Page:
How an estate’s executor may breach a fiduciary duty

How an estate’s executor may breach a fiduciary duty

On Behalf of | May 7, 2022 | Fiduciary Representation |

An executor named in a will or appointed by the probate court owes a fiduciary duty to manage an estate by following the deceased’s instructions. SmartAsset.com reports that an executor’s responsibilities include notifying heirs of the estate and informing them of their inheritances.

Beneficiaries must receive full disclosure of material facts regarding the deceased’s estate and the probate procedures. Executors must also work quickly with the probate court to distribute assets to beneficiaries. A duty is also owed to keep and maintain accurate records. Failing to complete these activities may result in beneficiaries holding a fiduciary accountable for breaching a duty.

Estate representatives must adhere to their assigned duties

As noted by the American Bar Association, an estate’s personal representative must act in the sole interests of the deceased’s beneficiaries and creditors. Fiduciary duties generally include controlling and preserving an estate’s assets. During probate, the executor must contact the deceased’s creditors to settle unpaid debts and file an estate’s tax return.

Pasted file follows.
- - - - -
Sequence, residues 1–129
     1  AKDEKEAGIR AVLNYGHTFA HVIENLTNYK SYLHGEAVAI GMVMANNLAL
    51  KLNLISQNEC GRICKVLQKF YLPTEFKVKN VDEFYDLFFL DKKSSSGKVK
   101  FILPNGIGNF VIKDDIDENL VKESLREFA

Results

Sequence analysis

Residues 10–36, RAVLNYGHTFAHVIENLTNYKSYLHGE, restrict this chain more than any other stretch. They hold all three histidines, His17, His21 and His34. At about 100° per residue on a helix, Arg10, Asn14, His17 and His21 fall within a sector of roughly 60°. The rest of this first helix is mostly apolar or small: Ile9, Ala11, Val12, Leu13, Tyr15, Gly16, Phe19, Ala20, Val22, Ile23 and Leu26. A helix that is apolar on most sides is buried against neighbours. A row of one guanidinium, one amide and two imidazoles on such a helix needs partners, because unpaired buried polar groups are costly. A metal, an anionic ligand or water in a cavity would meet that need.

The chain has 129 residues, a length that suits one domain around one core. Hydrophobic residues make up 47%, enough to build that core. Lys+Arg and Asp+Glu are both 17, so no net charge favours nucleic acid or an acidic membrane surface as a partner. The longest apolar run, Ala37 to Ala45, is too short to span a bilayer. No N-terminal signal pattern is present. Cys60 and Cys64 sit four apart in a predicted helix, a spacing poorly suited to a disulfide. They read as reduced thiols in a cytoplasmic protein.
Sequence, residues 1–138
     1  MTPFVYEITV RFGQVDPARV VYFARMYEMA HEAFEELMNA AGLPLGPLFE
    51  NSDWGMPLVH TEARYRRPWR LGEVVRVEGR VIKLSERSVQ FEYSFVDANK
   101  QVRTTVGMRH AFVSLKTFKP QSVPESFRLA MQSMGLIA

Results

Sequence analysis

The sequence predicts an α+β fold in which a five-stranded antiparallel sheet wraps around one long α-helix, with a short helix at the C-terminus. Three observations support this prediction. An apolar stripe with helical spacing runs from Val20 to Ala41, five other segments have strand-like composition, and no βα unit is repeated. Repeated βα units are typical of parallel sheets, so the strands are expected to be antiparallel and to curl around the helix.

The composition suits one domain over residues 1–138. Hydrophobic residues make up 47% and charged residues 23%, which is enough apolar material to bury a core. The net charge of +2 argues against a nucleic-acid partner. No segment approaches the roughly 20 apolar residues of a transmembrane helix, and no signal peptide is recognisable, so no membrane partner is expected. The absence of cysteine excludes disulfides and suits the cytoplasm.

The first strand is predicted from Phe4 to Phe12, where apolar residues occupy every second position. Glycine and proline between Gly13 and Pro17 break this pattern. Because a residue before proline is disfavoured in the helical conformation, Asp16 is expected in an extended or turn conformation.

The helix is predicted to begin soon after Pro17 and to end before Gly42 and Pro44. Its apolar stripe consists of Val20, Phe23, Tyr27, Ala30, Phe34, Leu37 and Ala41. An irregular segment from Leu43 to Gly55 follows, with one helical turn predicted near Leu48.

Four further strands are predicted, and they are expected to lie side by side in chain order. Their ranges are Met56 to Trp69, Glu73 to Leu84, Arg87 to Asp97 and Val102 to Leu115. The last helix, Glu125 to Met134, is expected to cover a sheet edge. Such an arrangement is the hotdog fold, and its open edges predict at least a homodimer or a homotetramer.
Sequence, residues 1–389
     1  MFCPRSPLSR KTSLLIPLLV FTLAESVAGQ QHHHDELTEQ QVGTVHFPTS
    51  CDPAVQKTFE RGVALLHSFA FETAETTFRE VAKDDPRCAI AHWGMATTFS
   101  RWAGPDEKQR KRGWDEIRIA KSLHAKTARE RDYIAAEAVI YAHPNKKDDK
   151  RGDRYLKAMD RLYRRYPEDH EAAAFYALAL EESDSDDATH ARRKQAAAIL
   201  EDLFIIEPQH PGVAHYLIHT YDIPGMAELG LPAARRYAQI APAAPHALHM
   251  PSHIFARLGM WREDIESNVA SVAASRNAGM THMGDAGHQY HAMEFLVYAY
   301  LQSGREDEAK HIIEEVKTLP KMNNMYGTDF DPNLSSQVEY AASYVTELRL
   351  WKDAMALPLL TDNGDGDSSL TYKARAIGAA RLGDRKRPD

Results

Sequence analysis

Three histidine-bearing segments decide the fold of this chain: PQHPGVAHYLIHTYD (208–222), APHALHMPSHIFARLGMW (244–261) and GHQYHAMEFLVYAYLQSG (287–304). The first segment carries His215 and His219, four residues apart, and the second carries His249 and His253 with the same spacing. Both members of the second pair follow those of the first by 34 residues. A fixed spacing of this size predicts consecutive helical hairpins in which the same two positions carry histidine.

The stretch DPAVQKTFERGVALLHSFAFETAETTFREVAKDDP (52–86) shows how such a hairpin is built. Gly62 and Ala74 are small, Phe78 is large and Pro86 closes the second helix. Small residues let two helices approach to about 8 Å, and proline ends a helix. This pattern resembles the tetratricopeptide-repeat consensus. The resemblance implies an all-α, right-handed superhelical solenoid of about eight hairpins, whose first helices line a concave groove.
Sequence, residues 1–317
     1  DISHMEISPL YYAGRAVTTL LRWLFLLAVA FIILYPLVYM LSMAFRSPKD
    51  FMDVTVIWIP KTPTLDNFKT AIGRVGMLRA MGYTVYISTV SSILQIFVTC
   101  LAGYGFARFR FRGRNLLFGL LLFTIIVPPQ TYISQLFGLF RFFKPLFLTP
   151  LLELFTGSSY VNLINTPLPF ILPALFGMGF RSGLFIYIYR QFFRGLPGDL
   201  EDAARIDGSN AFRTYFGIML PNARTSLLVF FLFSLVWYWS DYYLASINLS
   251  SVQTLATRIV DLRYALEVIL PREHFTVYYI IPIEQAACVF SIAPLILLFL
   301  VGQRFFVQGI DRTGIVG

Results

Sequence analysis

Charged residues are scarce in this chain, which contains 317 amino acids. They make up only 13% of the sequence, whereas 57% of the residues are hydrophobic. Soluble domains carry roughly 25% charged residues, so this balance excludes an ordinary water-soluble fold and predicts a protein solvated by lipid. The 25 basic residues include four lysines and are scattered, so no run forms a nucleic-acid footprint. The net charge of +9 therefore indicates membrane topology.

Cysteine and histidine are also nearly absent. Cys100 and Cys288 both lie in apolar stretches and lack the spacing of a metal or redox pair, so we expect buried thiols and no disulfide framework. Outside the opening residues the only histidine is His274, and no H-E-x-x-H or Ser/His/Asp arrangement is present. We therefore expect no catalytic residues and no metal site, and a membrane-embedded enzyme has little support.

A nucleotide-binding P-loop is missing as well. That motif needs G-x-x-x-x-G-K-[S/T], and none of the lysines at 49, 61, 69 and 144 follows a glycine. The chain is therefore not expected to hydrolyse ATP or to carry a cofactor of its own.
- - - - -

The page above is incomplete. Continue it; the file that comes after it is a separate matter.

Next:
As noted by the ABA, common fiduciary breaches include self-dealing and misappropriating assets. Providing beneficiaries with inaccurate information or failing to disclose the use of entrusted funds may constitute negligence. When an estate’s personal representative uses the deceased’s property for personal gain, a breach of duty occurs.

A breach of duty may result in a legal action

Under the Texas Property Code, beneficiaries may hold fiduciaries accountable for profiting from their positions. Estate representatives may also face legal action for failing to carry out the deceased’s wishes in the manner intended.

An estate’s personal representative may take on a range of highly demanding tasks and complex duties. If allegations of improper behavior or a breach of duty arise, a strong defense could help prove no wrongdoing occurred.